Q: We have taught our 2 1/2-year-old to say "Please," "Thank you" and "You're welcome," but our guests commonly stare at him blankly or say, "Oh, how cute" when he thanks them for a gift, instead of saying, "You're welcome." I've even had people accuse me of "teaching him to go through insincere rituals like a trained seal."
I have no wish to raise my son to be pretentious but had frankly not thought about teaching him these small courtesies until he started using them himself, in imitation of his father and me.
I could ignore this snubbing on the part of my guests, except that it teaches my son to be rude. How can I persuade these people to use common courtesy with my children? Also, how can I get other people's children to be courteous, as I see no way to correct them without offending their parents?
A: While congratulating you on the success of your use of example to teach manners to your son, Miss Manners feels obliged to warn you not to attempt to enlarge your instructional activities in the hope of bringing up your friends and other people's children.
Not only is such an enterprise doomed to failure, but it would provide your son with the unfortunate example of the rudeness of correcting anyone who is not, as he is, under your jurisdiction.
You have to let their rude reactions pass and explain to your son the awful fact of life that not everyone knows how to behave properly. The disillusionment he may feel is nothing to the secret smugness of knowing more than those big people.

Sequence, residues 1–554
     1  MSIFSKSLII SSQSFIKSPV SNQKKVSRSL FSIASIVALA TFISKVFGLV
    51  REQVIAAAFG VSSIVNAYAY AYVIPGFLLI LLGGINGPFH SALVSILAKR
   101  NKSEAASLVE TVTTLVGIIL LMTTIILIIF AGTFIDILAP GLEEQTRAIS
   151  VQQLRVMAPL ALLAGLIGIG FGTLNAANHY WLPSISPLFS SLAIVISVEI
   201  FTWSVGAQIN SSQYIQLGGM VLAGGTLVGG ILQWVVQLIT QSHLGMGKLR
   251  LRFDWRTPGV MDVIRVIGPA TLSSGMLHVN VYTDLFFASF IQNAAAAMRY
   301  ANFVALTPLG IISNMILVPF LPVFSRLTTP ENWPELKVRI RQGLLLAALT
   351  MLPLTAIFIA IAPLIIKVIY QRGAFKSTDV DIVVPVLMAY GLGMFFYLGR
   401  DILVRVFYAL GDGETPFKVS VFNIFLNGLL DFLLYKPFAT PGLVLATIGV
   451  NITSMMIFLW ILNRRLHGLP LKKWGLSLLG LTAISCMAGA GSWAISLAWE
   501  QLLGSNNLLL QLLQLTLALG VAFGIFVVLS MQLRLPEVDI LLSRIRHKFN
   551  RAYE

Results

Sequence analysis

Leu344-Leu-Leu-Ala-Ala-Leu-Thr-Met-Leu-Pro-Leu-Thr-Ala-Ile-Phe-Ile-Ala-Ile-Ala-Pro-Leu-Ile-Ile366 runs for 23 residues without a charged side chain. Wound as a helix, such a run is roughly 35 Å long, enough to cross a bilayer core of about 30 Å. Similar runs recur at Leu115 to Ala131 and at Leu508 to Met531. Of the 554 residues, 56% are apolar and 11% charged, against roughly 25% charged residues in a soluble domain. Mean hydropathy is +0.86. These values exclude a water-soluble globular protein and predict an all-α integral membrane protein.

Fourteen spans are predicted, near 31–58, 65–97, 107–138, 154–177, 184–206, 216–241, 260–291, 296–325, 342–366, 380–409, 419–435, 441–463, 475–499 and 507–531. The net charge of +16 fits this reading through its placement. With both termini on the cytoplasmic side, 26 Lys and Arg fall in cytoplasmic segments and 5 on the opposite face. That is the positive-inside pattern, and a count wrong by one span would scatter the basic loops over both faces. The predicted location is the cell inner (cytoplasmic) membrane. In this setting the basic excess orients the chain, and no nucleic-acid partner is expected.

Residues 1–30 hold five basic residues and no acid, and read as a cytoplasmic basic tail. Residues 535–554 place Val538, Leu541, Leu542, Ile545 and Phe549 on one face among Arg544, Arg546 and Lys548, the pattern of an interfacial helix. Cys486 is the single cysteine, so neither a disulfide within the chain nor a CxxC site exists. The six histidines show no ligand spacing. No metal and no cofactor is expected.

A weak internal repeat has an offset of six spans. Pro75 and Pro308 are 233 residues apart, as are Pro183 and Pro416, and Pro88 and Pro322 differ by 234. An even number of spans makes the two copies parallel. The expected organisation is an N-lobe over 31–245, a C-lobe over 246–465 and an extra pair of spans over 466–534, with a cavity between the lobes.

However, when your friends question your premises, you may certainly request them not to sabotage your parental authority. Any observations that being polite constitutes pretentiousness, insincerity or mindlessness -- as opposed to that wonderfully sincere, healthy, thoughtful rudeness that they so admire in other children -- should be met with the contempt it deserves.
That is not license to be rude yourself, but merely to state, with freezing politeness, "I'm afraid I disagree with you, but in any case, you will, of course, allow me to bring up my child as I see fit."
This experience should teach you that example is not the only essential child-rearing tool. Many of the complexities of human behavior, including the fact that we should not allow the rudenesses of others to lower our own standards of manners, must be explained.
You do not want your child to think, once he comes under less polite influences than yours, that prevailing behavior may be safely and uncritically followed.
Q: Is it permissible nowadays to include one's title (Miss) in parentheses on one's business card, as I do when signing business letters?
I violently dislike being addressed as "Ms." I handle manuscripts but am not one. What do women do who have given names not indicative of their sex.
A: Allow Miss Manners to offer you a deal. As you know, honorifics generally go on social, but not business cards. But she will grant you an exception for cause (and one to ladies tired of being addressed as "Mr.") provided you remove the violence from your objection to "Ms." It is merely one of the conventional alternatives now, and not something designed to insult you or anyone else.